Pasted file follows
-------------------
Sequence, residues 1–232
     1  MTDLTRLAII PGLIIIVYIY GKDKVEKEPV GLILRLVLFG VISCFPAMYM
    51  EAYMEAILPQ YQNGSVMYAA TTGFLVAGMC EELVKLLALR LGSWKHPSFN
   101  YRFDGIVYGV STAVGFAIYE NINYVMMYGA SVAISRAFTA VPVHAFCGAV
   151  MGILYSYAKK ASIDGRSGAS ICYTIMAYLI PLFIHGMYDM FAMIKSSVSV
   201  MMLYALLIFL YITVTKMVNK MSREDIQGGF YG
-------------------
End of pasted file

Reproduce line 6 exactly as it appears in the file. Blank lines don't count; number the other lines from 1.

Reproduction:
   201  MMLYALLIFL YITVTKMVNK MSREDIQGGF YG